Tufnol/ garolite is a phenyl resin bonded paper or cotton and used extensively (in the past) in radio and tv manufacture (before pcb became common)  it is still used for valve equipment and modifications to electronics.

 

Also the paper bonded version can be found a "paxolin"

Share this post


Link to post
Share on other sites
Posted (edited) · Solution for being unable to buy un-warped garolite to print nylon on
On 5/27/2019 at 2:25 AM, hussainsail2002 said:

 

I've been printing nylon since the trimmer line days (when it was the only nylon media available). Accordingly, I've tried many substrates for printing nylon. In the past, I used contact cement to bond Garolite to a precision Mic6 aluminium plate, but now I just use Gecko EZ-Stick hot on window glass. It works just as well and is easier to replace: https://www.geckotek.co/collections/ez-stik-hot

On the other hand, the only perfect bed adhesion that I've found for large and dense nylon prints is Gorilla Glue one-part urethane (the original dark honey-colored stuff) adhesive. It only lasts for a single print though and it's a pain to use. You have to spread it as thin as possible onto a glass build plate with a putty knife and let it dry first. The bonds between the interfaces can be stronger than the glass however. You need some pretty thin pry devices (start with a razor blade on a holder and then transition to a thin putty knife) to remove a part. Sometimes you'll end up pulling up pockets of glass and then that side of the glass will be ruined in that location, due to the craters. After removing the part, you can scrape the Gorilla Glue from the glass with a razor blade scraper. Fortunately the newer nylon formulations tend to offer better adhesion to more conventional build surfaces than trimmer line or the old Taulman 618 too!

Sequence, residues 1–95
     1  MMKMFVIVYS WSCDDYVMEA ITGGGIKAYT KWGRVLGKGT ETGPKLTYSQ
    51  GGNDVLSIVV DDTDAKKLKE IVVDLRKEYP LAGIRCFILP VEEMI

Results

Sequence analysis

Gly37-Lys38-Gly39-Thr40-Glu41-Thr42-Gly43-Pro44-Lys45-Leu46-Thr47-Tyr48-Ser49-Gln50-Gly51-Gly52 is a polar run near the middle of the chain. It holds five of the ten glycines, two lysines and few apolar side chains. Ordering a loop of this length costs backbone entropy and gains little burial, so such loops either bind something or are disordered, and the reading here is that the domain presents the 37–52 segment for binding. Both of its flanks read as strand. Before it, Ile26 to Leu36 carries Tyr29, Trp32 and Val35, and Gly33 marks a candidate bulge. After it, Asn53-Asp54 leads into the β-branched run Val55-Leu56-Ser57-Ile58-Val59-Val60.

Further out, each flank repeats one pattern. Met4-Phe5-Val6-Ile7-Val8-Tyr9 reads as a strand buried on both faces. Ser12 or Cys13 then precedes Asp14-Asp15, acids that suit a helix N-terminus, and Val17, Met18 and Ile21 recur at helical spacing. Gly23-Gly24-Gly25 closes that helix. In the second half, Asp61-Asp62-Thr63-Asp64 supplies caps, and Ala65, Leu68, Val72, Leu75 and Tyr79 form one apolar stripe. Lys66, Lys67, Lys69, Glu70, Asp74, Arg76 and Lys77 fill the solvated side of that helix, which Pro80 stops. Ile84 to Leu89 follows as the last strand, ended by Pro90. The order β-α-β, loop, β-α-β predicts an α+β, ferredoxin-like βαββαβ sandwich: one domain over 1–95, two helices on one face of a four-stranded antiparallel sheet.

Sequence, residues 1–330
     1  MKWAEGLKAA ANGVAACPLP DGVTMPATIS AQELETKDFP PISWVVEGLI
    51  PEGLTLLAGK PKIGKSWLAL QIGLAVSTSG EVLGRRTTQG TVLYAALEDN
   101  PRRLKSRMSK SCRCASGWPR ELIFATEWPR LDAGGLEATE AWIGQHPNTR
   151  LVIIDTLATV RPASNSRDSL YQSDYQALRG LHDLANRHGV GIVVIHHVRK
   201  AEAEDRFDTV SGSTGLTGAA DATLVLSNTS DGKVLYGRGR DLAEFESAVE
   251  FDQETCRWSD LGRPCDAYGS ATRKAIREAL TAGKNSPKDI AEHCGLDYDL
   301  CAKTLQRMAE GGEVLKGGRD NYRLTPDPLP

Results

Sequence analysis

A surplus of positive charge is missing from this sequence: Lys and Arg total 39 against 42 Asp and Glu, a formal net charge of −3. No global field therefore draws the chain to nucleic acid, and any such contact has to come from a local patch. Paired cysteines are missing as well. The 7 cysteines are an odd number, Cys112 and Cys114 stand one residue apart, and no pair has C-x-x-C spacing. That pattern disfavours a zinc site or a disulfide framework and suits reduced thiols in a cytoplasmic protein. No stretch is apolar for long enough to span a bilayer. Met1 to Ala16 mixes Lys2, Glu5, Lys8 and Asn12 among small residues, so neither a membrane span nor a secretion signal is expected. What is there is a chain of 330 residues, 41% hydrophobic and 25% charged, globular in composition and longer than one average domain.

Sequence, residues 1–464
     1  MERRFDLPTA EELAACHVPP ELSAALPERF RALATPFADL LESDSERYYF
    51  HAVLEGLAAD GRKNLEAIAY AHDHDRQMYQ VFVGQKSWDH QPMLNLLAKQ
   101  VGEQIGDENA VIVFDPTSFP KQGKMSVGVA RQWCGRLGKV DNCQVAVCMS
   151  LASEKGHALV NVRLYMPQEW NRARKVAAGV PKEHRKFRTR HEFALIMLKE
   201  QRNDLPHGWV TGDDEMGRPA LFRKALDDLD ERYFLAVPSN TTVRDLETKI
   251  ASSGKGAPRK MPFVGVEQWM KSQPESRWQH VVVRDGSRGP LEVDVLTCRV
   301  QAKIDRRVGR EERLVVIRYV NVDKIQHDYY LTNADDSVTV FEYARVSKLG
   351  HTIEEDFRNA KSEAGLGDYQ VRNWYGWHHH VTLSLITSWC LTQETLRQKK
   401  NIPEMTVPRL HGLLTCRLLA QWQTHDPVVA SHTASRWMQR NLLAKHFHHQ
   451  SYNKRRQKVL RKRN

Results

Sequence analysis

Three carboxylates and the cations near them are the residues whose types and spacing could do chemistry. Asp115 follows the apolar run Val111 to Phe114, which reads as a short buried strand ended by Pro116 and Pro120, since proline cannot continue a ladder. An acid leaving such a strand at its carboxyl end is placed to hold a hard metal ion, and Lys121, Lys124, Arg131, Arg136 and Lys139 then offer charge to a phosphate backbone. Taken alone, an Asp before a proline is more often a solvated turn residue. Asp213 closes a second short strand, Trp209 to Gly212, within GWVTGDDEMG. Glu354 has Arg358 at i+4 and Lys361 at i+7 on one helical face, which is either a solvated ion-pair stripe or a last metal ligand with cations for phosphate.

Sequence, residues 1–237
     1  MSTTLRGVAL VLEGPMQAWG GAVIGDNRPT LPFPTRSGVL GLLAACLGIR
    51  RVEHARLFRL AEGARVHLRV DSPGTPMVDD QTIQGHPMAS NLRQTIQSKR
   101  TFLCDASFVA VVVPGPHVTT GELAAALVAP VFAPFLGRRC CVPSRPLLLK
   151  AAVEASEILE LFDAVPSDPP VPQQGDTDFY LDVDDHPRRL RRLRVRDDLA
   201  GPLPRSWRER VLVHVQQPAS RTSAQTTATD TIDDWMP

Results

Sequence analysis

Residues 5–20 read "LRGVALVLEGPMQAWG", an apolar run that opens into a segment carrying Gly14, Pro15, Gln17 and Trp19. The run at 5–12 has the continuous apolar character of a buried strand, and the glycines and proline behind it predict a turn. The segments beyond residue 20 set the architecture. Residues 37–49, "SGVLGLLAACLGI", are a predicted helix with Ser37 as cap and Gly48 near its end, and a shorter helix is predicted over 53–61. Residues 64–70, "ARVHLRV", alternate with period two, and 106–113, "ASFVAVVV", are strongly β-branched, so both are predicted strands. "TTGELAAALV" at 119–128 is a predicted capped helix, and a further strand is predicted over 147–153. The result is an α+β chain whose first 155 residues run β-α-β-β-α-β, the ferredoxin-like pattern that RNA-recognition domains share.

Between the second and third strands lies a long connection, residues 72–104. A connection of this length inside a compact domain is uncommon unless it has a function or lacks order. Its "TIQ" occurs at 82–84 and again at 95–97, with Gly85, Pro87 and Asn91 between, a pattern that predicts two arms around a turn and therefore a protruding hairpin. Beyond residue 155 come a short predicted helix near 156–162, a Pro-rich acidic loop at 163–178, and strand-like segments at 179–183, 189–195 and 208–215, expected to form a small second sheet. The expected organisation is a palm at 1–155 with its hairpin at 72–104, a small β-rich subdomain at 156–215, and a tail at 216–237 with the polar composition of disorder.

Edited by calinb

Share this post


Link to post
Share on other sites
Posted · Solution for being unable to buy un-warped garolite to print nylon on

its NOT the fibres its made from that allows the print to stick..... cotton, paper, glass makes no difference....... its the phenol formaldehyde resin that it sticks to

 

the only reason that garolyte and tufnol / paxolin is better on a cloth (cotton) substrate is that it is more durable... the paper bonded types crack and break when handled.

 

Garolyte was on ebay india this afternoon   in.ebay.com